--Bacon.
      [1913 Webster]

            There is a mean in all things.        --Dryden.
      [1913 Webster]

            The extremes we have mentioned, between which the
            wellinstracted Christian holds the mean, are
            correlatives.                         --I. Taylor.
      [1913 Webster]

   2. (Math.) A quantity having an intermediate value between
      several others, from which it is derived, and of which it
      expresses the resultant value; usually, unless otherwise
      specified, it is the simple average, formed by adding the
      quantities together and dividing by their number, which is
      called an arithmetical mean. A geometrical mean is the
      nth root of the product of the n quantities being
      averaged.
      [1913 Webster]

   3. That through which, or by the help of which, an end is
      attained; something tending to an object desired;
      intermediate agency or measure; necessary condition or
      coagent; instrument.
      [1913 Webster]

            Their virtuous conversation was a mean to work the
            conversion of the heathen to Christ.  --Hooker.
      [1913 Webster]

            You may be able, by this mean, to review your own
            scientific acquirements.              --Coleridge.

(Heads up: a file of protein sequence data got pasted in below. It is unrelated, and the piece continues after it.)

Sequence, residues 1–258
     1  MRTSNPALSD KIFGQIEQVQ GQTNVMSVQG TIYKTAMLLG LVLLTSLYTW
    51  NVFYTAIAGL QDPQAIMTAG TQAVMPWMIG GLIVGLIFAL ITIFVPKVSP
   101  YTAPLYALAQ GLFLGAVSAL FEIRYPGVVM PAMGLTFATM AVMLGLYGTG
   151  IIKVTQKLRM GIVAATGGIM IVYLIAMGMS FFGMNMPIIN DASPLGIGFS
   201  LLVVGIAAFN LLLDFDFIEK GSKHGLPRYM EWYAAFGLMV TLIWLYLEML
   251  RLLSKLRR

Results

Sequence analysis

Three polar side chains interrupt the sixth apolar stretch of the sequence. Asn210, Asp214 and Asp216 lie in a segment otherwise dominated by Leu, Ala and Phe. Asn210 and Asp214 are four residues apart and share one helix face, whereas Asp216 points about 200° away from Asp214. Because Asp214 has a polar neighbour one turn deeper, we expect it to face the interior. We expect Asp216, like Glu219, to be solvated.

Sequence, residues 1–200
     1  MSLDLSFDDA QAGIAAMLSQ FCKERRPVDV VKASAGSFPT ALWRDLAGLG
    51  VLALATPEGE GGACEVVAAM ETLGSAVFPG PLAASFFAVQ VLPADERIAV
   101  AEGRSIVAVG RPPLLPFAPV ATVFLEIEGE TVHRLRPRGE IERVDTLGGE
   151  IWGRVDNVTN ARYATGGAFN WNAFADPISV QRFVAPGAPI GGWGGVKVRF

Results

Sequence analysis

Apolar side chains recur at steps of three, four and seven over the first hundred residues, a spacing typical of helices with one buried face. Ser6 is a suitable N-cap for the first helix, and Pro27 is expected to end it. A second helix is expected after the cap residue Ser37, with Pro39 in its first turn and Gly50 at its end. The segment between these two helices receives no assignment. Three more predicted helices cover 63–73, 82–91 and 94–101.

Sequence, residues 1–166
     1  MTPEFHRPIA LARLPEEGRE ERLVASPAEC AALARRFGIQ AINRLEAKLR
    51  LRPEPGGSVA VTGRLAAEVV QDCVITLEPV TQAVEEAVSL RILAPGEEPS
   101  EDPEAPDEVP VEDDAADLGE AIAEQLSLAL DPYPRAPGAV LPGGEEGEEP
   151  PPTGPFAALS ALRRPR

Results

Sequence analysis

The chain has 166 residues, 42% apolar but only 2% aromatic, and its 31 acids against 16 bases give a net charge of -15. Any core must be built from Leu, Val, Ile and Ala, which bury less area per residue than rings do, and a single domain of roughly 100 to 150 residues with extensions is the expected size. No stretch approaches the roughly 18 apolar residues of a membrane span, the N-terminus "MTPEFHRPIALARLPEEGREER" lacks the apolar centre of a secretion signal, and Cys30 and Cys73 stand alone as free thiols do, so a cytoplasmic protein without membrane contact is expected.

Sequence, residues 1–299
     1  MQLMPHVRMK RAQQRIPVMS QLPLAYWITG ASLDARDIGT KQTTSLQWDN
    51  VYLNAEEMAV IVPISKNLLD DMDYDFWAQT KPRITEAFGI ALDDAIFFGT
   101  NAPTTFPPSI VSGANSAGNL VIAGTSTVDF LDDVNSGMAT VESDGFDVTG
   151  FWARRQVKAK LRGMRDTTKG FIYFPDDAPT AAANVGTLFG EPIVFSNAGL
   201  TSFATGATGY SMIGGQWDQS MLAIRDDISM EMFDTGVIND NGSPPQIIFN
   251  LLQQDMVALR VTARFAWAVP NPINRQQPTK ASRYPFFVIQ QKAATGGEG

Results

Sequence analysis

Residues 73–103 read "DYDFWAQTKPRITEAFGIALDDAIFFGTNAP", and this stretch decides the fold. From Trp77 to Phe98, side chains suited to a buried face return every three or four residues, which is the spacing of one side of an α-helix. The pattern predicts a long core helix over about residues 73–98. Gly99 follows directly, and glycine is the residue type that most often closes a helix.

[1913 Webster]

            Philosophical doubt is not an end, but a mean. --Sir
                                                  W. Hamilton.
      [1913 Webster]

   Note: In this sense the word is usually employed in the
         plural form means, and often with a singular attribute
         or predicate, as if a singular noun.
         [1913 Webster]

               By this means he had them more at vantage.
                                                  --Bacon.
         [1913 Webster]

               What other means is left unto us.  --Shak.
         [1913 Webster]

   4. pl. Hence: Resources; property, revenue, or the like,
      considered as the condition of easy livelihood, or an
      instrumentality at command for effecting any purpose;
      disposable force or substance.
      [1913 Webster]

            Your means are very slender, and your waste is
            great.                                --Shak.
      [1913 Webster]

   5. (Mus.) A part, whether alto or tenor, intermediate between
      the soprano and base; a middle part. [Obs.]
      [1913 Webster]

            The mean is drowned with your unruly base. --Shak.
      [1913 Webster]

   6. Meantime; meanwhile. [Obs.] --Spenser.
      [1913 Webster]

   7. A mediator; a go-between. [Obs.] --Piers Plowman.
      [1913 Webster]

            He wooeth her by means and by brokage. --Chaucer.
      [1913 Webster]

   By all means, certainly; without fail; as, go, by all
      means.

   By any means, in any way; possibly; at all.
      [1913 Webster]

            If by any means I might attain to the resurrection
            of the dead.                          --Phil. iii.
                                                  ll.
      [1913 Webster]

   By no means, or By no manner of means, not at all;
      certainly not; not in any degree.
      [1913 Webster]